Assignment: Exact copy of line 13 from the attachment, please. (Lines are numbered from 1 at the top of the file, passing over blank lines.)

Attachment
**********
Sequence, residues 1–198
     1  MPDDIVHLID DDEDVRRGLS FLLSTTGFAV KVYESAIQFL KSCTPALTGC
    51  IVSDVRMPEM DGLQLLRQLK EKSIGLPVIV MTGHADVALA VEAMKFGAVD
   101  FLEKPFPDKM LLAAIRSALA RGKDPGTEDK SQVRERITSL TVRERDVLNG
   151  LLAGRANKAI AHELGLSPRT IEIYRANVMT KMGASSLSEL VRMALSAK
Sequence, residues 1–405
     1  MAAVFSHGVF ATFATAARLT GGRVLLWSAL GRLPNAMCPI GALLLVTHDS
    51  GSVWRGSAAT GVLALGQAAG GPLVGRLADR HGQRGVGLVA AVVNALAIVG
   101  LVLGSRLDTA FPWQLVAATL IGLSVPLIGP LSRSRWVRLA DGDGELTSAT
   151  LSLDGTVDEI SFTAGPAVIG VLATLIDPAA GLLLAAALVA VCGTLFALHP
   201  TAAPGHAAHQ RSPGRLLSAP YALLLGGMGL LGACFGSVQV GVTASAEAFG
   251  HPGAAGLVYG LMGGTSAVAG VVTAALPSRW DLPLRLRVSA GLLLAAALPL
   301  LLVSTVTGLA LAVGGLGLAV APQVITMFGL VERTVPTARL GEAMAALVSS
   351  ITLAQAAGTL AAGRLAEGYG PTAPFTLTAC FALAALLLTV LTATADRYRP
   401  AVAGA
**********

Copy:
   301  LLVSTVTGLA LAVGGLGLAV APQVITMFGL VERTVPTARL GEAMAALVSS